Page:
The 14-karat gold trophy – a prize that is deemed “priceless” by the historic racetrack that presents it and the owners, trainers and jockeys who pursue it – will have a secure home in the Kentucky Derby Museum, located adjacent to the racetrack, until the running of the Derby. The prize will make a round of public appearances prior to the running of the Kentucky Derby, after which it will be presented to the owner of the 3-year-old Thoroughbred that wins the famed race known as the “Run for the Roses.”
The 2017 Kentucky Derby Winner’s Trophy and three smaller sterling silver replica trophies that go to trainer, jockey and breeder of this year’s winner were delivered to Churchill Downs on Wednesday by representatives of S. R. Blackinton, the Smithfield, R.I. company that annually crafts the coveted prize. President/Designer Susanne Blackinton-Juaire and her husband, Bill Juaire, represented their company’s artisans as they traveled to Kentucky to deliver this year’s trophy.
Susanne Blackinton-Juaare is a fifth-generation silversmith whose family entered the profession in 1862 – 12 years before the first Kentucky Derby was run in 1875 at the track originally known as the Louisville Jockey Club. The company’s artisans have crafted each Kentucky Derby Winner’s Trophy since 1975.
“It is a thrill each year for the members of our team that craft the Kentucky Derby Winner’s Trophy, and also a very emotional experience,” Blackinton-Juaire said. “Each individual connected to this coveted trophy takes great care and pride throughout the five-month process during which each year’s trophy is crafted. We’re sad to see it leave each spring for its journey to Churchill Downs, but it is exhilarating for each of us when we witness the joyful moment on the first Saturday in May when this wonderful trophy is presented to the owner of the Kentucky Derby winner.”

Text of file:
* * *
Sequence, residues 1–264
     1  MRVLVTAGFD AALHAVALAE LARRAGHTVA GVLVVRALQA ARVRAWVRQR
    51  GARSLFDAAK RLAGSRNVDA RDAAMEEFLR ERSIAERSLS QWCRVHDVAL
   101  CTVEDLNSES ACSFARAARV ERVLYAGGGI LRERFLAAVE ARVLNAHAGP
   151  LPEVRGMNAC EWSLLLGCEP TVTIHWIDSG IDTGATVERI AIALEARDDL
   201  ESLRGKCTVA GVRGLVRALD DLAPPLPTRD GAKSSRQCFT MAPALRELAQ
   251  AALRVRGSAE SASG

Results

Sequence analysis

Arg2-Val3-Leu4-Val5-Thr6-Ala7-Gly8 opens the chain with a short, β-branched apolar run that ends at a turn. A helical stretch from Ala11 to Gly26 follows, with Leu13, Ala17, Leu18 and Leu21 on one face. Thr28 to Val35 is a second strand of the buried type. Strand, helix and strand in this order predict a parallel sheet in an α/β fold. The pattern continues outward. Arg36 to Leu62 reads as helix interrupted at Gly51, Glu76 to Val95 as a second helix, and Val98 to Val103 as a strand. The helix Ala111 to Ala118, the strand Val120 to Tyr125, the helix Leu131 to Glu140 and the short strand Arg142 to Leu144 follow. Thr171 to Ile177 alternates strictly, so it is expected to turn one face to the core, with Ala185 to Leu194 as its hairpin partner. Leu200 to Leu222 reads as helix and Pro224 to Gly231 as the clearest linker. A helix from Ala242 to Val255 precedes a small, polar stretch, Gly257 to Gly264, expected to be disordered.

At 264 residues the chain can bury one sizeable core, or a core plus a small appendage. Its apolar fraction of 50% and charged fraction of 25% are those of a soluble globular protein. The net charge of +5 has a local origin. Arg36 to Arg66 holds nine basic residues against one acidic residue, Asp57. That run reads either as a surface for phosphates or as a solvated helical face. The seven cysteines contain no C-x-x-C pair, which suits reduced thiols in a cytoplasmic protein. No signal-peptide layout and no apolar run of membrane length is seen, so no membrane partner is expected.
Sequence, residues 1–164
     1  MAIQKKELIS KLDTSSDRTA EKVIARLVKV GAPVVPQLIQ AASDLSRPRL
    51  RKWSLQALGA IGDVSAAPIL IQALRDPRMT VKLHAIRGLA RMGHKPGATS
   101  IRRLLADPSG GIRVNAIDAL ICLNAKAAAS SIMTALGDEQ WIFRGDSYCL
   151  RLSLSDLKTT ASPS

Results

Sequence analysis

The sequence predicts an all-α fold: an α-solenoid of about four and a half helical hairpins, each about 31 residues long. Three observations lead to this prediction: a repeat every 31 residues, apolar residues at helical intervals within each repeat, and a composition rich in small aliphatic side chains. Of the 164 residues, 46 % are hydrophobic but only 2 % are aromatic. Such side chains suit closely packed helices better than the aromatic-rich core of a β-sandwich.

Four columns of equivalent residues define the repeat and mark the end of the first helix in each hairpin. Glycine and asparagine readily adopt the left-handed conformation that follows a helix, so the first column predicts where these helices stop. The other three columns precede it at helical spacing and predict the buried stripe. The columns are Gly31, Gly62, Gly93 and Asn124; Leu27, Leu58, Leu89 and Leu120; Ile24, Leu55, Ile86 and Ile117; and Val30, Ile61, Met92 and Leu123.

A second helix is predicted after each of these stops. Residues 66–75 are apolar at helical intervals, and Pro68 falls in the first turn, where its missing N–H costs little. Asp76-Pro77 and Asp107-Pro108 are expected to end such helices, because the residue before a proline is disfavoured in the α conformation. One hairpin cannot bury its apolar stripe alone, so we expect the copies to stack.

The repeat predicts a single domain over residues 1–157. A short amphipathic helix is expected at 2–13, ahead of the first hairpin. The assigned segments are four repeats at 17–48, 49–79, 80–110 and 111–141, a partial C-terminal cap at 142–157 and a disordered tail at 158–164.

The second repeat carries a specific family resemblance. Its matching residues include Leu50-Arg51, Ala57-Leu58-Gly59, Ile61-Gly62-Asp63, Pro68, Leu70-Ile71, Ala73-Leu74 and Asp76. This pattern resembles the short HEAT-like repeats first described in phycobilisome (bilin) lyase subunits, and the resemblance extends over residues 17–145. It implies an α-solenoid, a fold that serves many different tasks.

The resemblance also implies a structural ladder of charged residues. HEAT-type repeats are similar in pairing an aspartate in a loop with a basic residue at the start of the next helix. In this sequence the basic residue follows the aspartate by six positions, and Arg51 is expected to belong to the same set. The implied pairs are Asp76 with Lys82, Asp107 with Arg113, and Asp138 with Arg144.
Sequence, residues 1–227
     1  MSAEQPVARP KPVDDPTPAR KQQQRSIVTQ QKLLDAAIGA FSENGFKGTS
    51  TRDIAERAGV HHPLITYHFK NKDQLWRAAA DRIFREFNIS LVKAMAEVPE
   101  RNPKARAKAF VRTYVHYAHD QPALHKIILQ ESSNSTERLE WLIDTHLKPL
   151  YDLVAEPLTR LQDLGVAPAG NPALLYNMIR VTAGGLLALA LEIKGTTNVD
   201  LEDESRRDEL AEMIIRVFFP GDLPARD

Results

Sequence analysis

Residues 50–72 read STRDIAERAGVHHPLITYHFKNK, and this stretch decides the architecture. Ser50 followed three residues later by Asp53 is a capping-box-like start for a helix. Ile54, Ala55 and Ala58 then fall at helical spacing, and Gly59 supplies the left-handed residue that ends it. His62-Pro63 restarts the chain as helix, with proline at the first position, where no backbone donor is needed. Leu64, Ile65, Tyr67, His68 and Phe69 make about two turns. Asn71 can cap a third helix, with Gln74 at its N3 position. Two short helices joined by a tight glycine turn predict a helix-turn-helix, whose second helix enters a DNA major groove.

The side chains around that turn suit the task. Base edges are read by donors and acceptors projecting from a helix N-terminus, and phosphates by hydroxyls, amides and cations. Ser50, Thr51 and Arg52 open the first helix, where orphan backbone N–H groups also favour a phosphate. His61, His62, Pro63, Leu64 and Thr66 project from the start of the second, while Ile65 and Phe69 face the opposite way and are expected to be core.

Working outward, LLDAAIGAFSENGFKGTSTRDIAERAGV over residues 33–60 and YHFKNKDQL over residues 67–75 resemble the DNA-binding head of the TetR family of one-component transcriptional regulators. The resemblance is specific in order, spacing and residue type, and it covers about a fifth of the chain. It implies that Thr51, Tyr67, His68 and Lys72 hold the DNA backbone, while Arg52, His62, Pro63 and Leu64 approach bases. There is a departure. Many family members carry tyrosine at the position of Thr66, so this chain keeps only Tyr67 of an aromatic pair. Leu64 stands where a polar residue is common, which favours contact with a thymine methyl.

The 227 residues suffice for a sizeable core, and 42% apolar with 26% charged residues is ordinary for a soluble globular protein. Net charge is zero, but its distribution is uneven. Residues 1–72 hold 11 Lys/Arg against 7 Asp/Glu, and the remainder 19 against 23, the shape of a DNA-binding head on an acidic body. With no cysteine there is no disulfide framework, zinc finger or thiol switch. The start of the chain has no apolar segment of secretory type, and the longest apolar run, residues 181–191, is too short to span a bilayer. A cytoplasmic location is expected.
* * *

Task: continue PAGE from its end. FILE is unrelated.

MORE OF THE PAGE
The current design of the Kentucky Derby Winner’s Trophy was commissioned by legendary Churchill Downs President Col. Matt Winn in 1924 for that year’s 50th, or Golden Anniversary, running of the Kentucky Derby.
The trophy – a cup fashioned from 14-karat gold and green gold – stands 22 inches tall and weighs approximately 65 ounces, excluding its jade base. It is topped by a 14-karat gold horse and rider and features a pair of horseshoe-shaped wreath handles. The gold cup is adorned by a 14-karat gold horseshoe that, in accordance with Thoroughbred racing tradition, points upward. Racing legend holds that the “luck will run out” of a horseshoe that points downward.
The trophy’s design took on added features for the 75th (1949), 100th (1974) and 125th (1999) renewals of the Kentucky Derby. Each of those trophies included a mantle of “roses” fashioned from rubies and emeralds, along with a horseshoe filled with diamonds. Similar additions are planned for the trophy of the 150th running of the Kentucky Derby in 2024
A Churchill Downs Press release